If you have children under the age of 17, you likely qualify for the child tax credit in 2023. Raising children is expensive and this credit is designed to help offset some of those costs. The child tax credit for 2023 is $2,000 per qualifying child. We will cover 10 things you need to know about the child tax credit, including who qualifies, how to claim, and how much you may be eligible for.
What is the Child Tax Credit?
The child tax credit is a tax credit that is available to taxpayers with dependent children under the age of 17. It is also commonly referred to as the CTC. You have to prove to the IRS that you and your child meet specific criteria to claim the tax credit. You will also need to show that your Modified Adjusted Gross Income (MAGI) is under a certain threshold. If it is above, then you may still be eligible for a reduced amount.
Here are 10 things to know about the Child Tax Credit for 2023.
1. Are we getting a Child Tax Credit in 2023?
Yes, there is a child tax credit in 2023. However, to qualify, you must meet the eligibility factors and your annual income must not exceed $200,000 for single filers, or over $400,000 if you file married filing jointly. If your income exceeds this, you may still be eligible to claim a partial tax credit.
2. How much can you get?
$2,000 for each qualifying dependent child.
Remember, this is a child tax credit for each qualifying child. If you have two eligible children, you get twice the amount.
3. Is the child tax credit refundable in 2023?
The child tax credit in 2023 is nonrefundable. This means that if your tax liability exceeds what you get from the credit, you will forfeit the difference.
However, you may still be able to claim the additional child tax credit. This refunds each child up to $1,500 depending on your income, and you must have earned income of at least $2,500 to be even eligible for a refund. Make sure that you fill out IRS Form 8812 to see if you are eligible.
4. Who is eligible?
Taxpayers who are eligible for the child tax credit generally need to meet all of the below criteria.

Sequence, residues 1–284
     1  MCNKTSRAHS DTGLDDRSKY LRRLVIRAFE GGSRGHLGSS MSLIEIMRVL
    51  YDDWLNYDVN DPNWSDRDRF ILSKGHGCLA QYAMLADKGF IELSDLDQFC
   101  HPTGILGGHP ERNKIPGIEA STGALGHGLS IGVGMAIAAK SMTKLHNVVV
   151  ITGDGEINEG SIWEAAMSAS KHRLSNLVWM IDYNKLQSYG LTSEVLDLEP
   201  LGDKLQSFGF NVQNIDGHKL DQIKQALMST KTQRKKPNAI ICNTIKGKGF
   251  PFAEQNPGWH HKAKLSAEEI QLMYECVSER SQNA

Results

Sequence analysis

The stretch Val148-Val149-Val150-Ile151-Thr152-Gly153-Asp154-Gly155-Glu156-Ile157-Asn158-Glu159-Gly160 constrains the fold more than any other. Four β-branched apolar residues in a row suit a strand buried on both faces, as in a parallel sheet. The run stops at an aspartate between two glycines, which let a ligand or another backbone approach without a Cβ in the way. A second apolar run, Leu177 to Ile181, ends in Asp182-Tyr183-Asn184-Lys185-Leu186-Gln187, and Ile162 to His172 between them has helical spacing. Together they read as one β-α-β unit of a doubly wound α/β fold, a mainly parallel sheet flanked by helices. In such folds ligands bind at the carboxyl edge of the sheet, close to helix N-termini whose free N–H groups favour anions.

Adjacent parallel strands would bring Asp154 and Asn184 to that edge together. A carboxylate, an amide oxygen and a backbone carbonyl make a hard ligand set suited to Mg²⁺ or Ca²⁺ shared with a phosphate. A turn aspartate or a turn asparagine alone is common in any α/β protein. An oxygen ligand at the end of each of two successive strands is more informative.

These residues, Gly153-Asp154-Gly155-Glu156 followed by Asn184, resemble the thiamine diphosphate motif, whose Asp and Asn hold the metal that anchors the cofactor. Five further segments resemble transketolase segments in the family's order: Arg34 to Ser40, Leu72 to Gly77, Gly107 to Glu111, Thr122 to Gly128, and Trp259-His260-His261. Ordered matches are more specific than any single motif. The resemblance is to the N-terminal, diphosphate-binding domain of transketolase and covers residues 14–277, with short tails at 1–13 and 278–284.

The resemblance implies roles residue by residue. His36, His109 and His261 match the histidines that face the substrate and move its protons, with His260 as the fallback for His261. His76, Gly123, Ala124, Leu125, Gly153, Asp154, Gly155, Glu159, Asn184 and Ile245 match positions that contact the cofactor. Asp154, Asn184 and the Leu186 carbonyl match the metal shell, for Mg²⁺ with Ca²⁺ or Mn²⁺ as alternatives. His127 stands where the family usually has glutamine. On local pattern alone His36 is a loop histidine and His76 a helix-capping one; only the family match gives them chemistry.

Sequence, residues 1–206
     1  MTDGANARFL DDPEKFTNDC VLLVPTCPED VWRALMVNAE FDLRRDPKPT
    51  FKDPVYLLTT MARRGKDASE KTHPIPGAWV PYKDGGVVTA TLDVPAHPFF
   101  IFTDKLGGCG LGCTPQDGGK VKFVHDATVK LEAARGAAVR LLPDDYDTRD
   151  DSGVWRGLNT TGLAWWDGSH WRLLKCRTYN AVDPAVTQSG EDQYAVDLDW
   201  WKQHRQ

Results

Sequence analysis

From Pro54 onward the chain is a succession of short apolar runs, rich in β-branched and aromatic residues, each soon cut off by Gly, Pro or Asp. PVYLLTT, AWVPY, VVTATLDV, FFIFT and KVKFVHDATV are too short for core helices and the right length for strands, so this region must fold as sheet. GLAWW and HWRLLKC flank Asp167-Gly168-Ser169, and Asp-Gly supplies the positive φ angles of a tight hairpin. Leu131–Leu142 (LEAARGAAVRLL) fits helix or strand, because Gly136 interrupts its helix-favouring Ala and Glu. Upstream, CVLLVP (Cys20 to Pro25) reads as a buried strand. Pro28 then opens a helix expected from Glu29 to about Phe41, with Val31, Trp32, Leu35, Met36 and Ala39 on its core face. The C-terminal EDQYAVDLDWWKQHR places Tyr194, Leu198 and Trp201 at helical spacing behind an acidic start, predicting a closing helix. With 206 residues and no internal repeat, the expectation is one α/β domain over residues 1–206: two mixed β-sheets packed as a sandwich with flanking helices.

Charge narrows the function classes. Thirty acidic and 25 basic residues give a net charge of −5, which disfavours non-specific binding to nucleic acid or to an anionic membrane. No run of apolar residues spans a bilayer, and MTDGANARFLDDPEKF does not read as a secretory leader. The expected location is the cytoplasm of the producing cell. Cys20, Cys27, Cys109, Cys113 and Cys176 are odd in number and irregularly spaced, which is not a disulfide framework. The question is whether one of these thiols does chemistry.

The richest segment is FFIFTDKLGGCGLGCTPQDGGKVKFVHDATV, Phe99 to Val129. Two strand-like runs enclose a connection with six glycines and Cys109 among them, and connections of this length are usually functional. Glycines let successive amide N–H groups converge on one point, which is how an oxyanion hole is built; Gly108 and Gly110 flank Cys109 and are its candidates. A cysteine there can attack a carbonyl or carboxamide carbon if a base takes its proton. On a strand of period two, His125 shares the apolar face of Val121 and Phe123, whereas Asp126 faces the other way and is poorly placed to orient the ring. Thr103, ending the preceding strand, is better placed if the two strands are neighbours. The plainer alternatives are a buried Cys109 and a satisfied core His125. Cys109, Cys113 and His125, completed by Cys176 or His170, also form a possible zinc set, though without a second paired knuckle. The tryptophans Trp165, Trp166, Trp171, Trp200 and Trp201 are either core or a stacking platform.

- Relationship: The child you are claiming must be related to you. This includes your own child, an adopted child, a stepchild, a foster child, a brother or sister, a stepbrother, or a stepsister. You can also claim descendants of these qualifying people such as your nieces, nephews, or grandchild if they meet the other criteria below.
- Dependent status: You must be able to properly claim the child as a dependent on your tax return.
- Residency: The child must have lived with you for at least half the year. There are some exceptions to this rule.
– A child born or died during the tax year is considered to have lived with you for the entire year.
– Temporary absences for special circumstances are counted as the time that the child lived with you. Some of these circumstances include school, vacation, business, medical care, military service, or detention.
– There are some other exceptions for children of divorced or separated parents.
- Financial support: You must have provided at least half of the child’s support during the last year.
- Citizenship: The child needs to have a social security number, and must be a U.S. citizen, national or resident alien.
- Income: To receive the full child tax credit for 2023, your modified adjusted gross income needs to be equal to or below $400,000 for married filing jointly or $200,000 for all other filers. If your income exceeds these amounts, your credit amount is reduced by $50 for each additional $1,000 in income.
5. How many kids can I get a tax credit for?
You can claim up to $2,000 for each qualifying kid under 17.
6. How do I claim the CTC?